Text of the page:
In the early 2000s, there have been so many Barbie animated movies. We have all grown up watching these animated movies at one point in our lives. The Barbie Animated Cinematic Universe has an abundance of lighthearted moments, iconic villains, and adapting classic fairytales with loveable animal sidekick characters. All of these animated movies are now classics, and the millennials and even Gen-Z enjoy them.
Barbie in the 12 Dancing Princesses (2006)
In Barbie in the 12 Dancing Princesses, King Randolph sends for his cousin Duchess Rowena to help turn his daughters, Princess Genevieve and her 11 sisters, into better ladies. But the Duchess takes away all the sister’s fun, including the sister’s favourite pastime: dancing. Thinking all hope is lost they find a secret passageway to a magical land where they can dance the night away.
Growing up I always adored princesses. I was obsessed. I loved their big fancy rooms, their gorgeous clothes, and their thrilling romances. That is definitely part of why Barbie in the 12 Disney Princesses was my favourite Barbie movie growing up. But rewatching this movie now, it was so much more than that.
I loved how big this family was. All twelve sisters despite their different interests and ages slept in one big room. Being literally princesses they could have each had their own room at least if not a wing, but they chose to share one room because they genuinely liked each other. Also the King, despite his flaws, adored his daughters and in his own way wanted what was best for them. This was a family that, despite hardships, still deeply loved one another.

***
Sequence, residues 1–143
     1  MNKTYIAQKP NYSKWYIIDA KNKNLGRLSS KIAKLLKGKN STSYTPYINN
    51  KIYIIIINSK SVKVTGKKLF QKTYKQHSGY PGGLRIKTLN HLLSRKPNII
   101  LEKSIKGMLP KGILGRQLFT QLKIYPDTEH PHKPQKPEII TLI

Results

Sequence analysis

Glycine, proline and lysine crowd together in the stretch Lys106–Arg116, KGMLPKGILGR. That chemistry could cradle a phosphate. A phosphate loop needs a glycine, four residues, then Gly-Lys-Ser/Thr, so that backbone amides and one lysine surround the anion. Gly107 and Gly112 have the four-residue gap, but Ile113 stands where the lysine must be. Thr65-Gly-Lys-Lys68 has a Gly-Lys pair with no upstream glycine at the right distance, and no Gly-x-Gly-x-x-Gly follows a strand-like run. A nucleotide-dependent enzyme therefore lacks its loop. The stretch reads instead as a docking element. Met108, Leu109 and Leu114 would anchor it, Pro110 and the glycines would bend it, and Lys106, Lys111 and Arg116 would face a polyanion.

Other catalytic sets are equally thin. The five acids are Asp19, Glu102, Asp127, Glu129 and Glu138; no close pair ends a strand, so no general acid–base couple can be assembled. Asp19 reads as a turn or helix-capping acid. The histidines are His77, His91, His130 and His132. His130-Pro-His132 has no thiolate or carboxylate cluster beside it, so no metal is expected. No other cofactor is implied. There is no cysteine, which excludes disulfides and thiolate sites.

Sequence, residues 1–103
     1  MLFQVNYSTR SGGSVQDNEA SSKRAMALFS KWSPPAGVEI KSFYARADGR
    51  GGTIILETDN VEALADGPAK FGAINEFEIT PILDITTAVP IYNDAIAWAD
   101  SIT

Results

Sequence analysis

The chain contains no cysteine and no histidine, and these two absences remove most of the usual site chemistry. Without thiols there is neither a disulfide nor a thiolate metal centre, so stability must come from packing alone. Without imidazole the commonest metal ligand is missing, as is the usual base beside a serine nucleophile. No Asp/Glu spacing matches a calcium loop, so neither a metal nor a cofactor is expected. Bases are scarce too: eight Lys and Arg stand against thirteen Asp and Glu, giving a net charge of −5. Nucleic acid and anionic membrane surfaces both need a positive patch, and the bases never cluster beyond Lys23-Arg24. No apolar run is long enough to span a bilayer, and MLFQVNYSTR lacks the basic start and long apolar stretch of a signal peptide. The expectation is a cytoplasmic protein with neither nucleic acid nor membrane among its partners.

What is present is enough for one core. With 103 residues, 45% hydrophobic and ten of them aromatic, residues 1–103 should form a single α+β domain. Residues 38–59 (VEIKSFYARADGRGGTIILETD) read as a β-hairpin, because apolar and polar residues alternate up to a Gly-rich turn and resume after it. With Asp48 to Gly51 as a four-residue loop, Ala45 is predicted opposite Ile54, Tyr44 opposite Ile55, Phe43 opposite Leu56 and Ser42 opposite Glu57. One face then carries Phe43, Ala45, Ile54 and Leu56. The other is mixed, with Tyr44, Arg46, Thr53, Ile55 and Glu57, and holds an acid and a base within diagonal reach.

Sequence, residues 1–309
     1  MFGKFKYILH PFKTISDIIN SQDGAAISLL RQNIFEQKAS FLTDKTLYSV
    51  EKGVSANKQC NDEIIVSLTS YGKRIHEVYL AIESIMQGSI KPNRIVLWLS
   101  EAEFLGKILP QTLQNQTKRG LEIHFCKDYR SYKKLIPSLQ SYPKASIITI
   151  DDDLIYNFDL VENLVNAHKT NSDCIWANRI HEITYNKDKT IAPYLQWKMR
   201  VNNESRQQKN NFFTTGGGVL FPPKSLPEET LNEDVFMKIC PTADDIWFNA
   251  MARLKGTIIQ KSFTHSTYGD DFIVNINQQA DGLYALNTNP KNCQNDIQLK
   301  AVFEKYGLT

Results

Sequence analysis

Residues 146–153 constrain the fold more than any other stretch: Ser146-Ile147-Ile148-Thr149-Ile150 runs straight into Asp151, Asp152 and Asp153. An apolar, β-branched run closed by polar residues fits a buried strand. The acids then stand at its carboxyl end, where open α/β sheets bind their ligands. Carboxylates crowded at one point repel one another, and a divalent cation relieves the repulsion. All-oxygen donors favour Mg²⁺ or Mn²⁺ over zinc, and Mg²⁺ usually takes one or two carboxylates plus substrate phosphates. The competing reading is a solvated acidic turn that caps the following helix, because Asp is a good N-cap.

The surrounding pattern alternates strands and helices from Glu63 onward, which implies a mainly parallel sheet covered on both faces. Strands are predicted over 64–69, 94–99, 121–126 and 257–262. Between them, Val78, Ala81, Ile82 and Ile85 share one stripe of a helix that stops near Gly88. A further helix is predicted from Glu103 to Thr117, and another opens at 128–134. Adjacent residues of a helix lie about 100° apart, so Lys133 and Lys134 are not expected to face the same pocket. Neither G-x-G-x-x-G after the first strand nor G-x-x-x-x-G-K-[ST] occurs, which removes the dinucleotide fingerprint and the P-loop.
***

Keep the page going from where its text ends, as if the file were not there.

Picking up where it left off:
Additionally, this was a family that cared deeply for each other even in the presence of someone who wanted to abuse that care (Duchess Rowena). The princesses because of their love for each other and their mother were able to discover a safe space to get away from Rowena’s abuse. They were able to create a place where they could be themselves and get away from her conservative thoughts about what a princess should be.
Furthermore, this movie shows how those outdated thoughts about what a princess, and at large what a woman, should be is used to control people and kill their sense of individuality. Despite all of this, the princesses remain themselves, and it is only by being themselves that they are able to save themselves, their father, and the kingdom.
Barbie as the Princess and the Pauper (2004)
For many years, I have always wished to have a secret doppelganger that lived a better life than I have and I’m pretty sure most of this is due to the fact I would make my parents rent Barbie as the Princess and the Pauper from the library over and over again until the DVD had more skips than a DaBaby Album. The story of a girl that comes from royalty and those rich people’s struggles and a girl who comes from nothing more than debt and an awful job that doesn’t follow her dreams of what she wants for herself. In a time where it feels like you just want to escape from your current life to something that seems to be better.
The film follows both Erica, a talented seamstress who truly longs to be a singer and Princess Annalise, a princess who wants to save her kingdom from financial ruin when their gold mines seem to run out of gold.